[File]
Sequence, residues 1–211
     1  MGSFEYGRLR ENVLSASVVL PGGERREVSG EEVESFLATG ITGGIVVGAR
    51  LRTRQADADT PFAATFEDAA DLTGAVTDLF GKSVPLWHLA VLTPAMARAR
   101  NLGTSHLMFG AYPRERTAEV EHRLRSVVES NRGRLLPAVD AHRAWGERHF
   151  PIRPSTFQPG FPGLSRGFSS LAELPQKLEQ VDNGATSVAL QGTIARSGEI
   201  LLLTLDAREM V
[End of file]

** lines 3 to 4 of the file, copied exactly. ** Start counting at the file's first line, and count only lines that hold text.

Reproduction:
    51  LRTRQADADT PFAATFEDAA DLTGAVTDLF GKSVPLWHLA VLTPAMARAR
   101  NLGTSHLMFG AYPRERTAEV EHRLRSVVES NRGRLLPAVD AHRAWGERHF